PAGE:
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Shay
5th December 2006, 11:30 PM
Well, I took Lily for her last round of shots today. She only cried a tiny bit, nothing like last time. I let him know that she was throwing up after last shots, which he thanked me for. He gave her something this time to counteract this. She is playing like a mad woman right now, nothing like the last time, when she slept the rest of the day.

I talked to him about SM, but told him I wanted nothing mentioned in her chart, as it was off the record, because my insurance was not in effect yet. He said, no problem. He got his medical journal, because he is not familiar with SM. It only metioned Weimaraners (sic). Isn't that weird. Probably was an older book. Anyway, I told him about the neurologist at Auburn Vet School that Karlin told me about, and he said he is wonderful, and was there when he was in Vet school. He said all I would need is for him to call the neurologist, in order for them to see her.

He has 4 other Cavs that he treats, and when I told him about SM symptoms, he said he is treating these Cavs for allergies with the symtoms I mentioned. They even yelp when they start scratching. I didn't day anything, but......I was thinking that maybe these dogs have SM and not allergies??? It would be great if Lily only has allergies, I would be thrilled. But does anybody like me, think this is strange about the other Cavs?

Karlin
6th December 2006, 12:09 AM
That's great you felt able to talk to him and he is so supportive.

Weimeraners get a different type of SM not related at all to what cavaliers get except that the end result is syrinxes (hence *syringo*myelia). In weims and some other breeds this is a known genetic problem that is the equivalent of spinal bifida in humans -- it occurs because the spinal cord doesn't form completely.

In cavaliers with the Chiari-like malformation (and in humans with actual Chiari malformation) ther syrinxes form due to the progressive results of problems caused by the skull malformation -- eg not enough room in skull for the brain, which then blocks and often is forced into the opening for the spinal cord, causing pressure problems with the circulation of cerebrospinal fluid which in turn causes syrinxes to form (exact reason why not understood fully).

Give your vet the link to http//:sm.cavaliertalk.com

and also please print out and bring him the information sheet, symptoms document, and treatment diagram. All are available as downloadable documents on the relevant sections of the website. Vets are very unfamiliar with SM (as are many neurologists) and this is a good way to inform them of this serious condition that is showing up particularly in cavaliers.

The single most common misdiagnosis for SM is allergies. If they are yelping when scratching and showing any other symptoms on the list these other cavaliers should be referred to a neurologist *if* your vet cannot find any other reason for their problems and they do not respond to any other treatment.

Shay
6th December 2006, 02:17 AM
That is exactly what I thought Karlin, about the other Cavs. I told him as soon as my insurance kicks in, I will formally bring her in for symptoms and I intended to bring him the information I had then. It seems from talking to him that he is just going to refer me to Auburn. Do you think this is the right approach or should I let him check her for other thing first. I would rather just go to the heart of the matter, but I'm not sure what the insurance company will say if I straight away try to get an MRI. What do you suggest?

luvzcavs
6th December 2006, 03:47 AM
Thats a bit sad about the other cavs been treated for allergies if it's SM. I don't understand why general practice vets continue to treat (long term) dogs for allergies without sending them for skin testing to find out what is the cause or elimination diets for food allergy ?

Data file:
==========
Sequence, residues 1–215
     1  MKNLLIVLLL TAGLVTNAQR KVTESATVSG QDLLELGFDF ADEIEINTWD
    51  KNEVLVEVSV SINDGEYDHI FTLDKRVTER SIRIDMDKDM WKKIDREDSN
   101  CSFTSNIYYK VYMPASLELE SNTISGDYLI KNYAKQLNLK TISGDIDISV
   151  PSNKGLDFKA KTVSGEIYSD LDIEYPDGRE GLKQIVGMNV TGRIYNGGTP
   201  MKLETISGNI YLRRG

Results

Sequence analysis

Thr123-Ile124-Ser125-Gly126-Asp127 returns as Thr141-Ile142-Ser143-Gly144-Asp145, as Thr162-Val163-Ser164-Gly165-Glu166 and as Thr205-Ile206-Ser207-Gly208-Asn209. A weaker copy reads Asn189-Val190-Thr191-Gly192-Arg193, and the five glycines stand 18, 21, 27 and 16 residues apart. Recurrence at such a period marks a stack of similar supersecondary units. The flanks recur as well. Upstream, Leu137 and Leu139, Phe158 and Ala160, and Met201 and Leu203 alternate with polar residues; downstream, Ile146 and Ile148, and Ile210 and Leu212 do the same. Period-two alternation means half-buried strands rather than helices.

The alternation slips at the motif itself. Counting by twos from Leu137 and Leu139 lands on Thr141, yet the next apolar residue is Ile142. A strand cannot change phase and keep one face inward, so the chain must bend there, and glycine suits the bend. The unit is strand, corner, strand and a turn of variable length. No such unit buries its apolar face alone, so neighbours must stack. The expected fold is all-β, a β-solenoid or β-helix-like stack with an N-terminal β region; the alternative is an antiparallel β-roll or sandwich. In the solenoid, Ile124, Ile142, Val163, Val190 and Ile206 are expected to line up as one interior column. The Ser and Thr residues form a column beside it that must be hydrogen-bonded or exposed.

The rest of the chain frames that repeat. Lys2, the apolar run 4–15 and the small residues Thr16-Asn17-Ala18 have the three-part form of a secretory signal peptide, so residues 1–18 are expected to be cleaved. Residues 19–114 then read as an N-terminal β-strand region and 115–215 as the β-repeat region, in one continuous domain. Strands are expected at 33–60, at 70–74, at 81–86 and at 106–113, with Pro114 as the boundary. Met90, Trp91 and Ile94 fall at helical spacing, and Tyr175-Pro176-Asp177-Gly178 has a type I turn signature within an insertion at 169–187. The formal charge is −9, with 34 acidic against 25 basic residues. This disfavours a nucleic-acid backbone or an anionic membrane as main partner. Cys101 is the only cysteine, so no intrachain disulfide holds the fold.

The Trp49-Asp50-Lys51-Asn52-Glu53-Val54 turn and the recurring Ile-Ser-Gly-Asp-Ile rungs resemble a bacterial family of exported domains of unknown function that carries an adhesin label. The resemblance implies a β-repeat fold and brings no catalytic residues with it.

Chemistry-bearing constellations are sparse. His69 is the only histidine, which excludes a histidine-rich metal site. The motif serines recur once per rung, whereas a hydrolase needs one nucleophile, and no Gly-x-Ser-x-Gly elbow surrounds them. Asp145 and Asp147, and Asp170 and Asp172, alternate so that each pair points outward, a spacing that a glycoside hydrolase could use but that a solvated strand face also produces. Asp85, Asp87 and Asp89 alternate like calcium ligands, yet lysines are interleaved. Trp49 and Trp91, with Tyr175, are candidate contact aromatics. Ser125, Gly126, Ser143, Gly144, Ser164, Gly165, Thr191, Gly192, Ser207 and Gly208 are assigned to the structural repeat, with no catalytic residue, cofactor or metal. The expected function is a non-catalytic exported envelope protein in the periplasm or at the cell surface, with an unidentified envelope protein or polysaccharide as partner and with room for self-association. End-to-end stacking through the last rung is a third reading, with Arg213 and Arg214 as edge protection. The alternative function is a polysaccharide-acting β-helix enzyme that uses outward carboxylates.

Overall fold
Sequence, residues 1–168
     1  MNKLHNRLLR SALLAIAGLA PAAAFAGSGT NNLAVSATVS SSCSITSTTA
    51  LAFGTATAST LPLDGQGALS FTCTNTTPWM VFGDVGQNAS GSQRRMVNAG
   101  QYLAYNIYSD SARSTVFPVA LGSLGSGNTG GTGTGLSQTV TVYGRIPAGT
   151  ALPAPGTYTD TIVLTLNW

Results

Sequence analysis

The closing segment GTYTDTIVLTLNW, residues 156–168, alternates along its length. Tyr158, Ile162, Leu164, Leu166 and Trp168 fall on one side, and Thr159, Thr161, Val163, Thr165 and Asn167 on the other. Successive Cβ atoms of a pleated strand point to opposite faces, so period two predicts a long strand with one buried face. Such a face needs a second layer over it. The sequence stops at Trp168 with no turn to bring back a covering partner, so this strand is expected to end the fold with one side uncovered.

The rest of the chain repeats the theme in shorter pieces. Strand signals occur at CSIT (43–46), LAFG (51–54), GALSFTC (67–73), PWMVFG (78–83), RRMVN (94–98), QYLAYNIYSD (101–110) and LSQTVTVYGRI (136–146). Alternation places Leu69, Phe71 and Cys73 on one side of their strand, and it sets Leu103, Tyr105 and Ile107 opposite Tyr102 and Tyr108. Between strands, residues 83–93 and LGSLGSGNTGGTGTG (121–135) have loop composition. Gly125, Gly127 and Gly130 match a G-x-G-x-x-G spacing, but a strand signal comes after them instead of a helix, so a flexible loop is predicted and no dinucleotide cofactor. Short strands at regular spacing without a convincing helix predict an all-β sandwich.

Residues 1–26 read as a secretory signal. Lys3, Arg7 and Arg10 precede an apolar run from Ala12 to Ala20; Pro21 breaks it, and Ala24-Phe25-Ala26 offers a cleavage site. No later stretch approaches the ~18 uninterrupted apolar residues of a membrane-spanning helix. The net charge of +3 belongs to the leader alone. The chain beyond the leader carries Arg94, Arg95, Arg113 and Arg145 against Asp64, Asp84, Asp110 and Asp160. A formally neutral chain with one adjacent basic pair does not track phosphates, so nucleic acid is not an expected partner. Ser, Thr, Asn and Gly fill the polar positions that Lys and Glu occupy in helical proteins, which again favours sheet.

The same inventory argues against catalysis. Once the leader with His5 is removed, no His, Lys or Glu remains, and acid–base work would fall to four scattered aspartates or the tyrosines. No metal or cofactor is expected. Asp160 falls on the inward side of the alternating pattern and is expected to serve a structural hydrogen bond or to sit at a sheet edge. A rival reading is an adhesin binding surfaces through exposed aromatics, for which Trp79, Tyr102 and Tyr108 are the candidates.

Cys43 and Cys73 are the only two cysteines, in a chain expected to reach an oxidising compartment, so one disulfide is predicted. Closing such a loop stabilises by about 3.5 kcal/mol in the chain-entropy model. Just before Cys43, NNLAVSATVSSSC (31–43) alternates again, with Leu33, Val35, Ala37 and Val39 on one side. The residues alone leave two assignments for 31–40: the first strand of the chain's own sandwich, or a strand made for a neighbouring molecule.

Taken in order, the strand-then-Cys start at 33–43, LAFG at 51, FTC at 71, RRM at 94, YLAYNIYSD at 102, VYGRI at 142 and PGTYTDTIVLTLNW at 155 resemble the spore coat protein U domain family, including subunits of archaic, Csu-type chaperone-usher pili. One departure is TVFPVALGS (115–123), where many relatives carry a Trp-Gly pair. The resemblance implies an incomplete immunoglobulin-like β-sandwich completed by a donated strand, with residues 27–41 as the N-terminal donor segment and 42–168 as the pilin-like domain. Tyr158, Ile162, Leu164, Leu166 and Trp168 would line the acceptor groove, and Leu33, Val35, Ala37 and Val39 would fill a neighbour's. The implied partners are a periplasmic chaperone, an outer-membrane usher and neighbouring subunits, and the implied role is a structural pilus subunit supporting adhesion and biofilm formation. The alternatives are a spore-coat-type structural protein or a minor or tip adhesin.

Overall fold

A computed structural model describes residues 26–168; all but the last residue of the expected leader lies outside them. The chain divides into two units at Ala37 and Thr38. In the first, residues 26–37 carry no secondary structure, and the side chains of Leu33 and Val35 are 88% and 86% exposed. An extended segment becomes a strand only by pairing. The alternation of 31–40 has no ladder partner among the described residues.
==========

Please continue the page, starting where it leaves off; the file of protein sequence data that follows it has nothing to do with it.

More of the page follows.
I know people would immediately say cost....... but the cost of using different treatments on a trial and error basis, antihistamines, special shampoo, fish oil etc etc trying to find something that works is just as costly.

Good on you for thinking to mention it, it would be good to get the info to your vet asap for the other cavs and I really hope they do just have allergies :(

Shay
6th December 2006, 04:35 AM
I agree....What is so shocking to me, is how little Vets know about SM in the US. I had never owned a Cav before and only started researching this breed a few months ago, and I know way more than the Vets, which is virtually nothing. I guess in their defense, I would know absolutely nothing about it if not for this site. But they are the professionals. I wonder when and if they will become educated to SM. My Vets are great Vets, but it is frustrating having to discuss something with them that they know nothing about, and you kinda think they are thinking you might be a little wacky. What is that disease, , oh I can't think of the name, something by proxy, where the parents are making the child sick for the attention. It almost feels like that when you start trying to tell people about the disease. It makes you almost feel like they think you are making it up for attention. Maybe that's just how I feel. You look at the Lily and she is the picture of health, and you begin to think, am I crazy and just imagining everything she does is a sign or symptom. I would rather have her tested than wonder all her life if she has it, and then wait too long to be able to have surgery, if that is an option.

luvzcavs
6th December 2006, 05:52 AM
munchausen's by proxy.

I know exactly what you mean with that one. I have felt like that on several occasions but stick to my guns as am a firm believer in better to be safe than sorry.

judy
6th December 2006, 07:48 AM
shay--i relate to what you're saying. I've encountered this in human medicine too. sometimes you have to assert your concerns even when you know you may be seen as crazy. Also, it happens in many cases that patients know more about their diseases than their doctors do, if it's something new that they didn't learn about in medical school. It's a weird feeling to be in that position. For me, it separates the good doctors from the bad, the way they react to patients who have more information and knowledge about certain things than they do. It sounds like your vet has an open minded attitude and wants to learn. no wonder you trust him. Maybe you have helped him to help other cavaliers by raising his consciousness about a diagnosis he wasn't familiar with before.